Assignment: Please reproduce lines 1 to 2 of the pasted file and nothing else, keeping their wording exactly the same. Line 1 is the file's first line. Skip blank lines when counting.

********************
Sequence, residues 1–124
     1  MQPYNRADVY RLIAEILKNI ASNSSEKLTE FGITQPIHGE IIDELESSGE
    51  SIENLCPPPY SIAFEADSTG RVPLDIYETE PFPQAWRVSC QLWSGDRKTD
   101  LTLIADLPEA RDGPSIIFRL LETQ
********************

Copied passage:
Sequence, residues 1–124
     1  MQPYNRADVY RLIAEILKNI ASNSSEKLTE FGITQPIHGE IIDELESSGE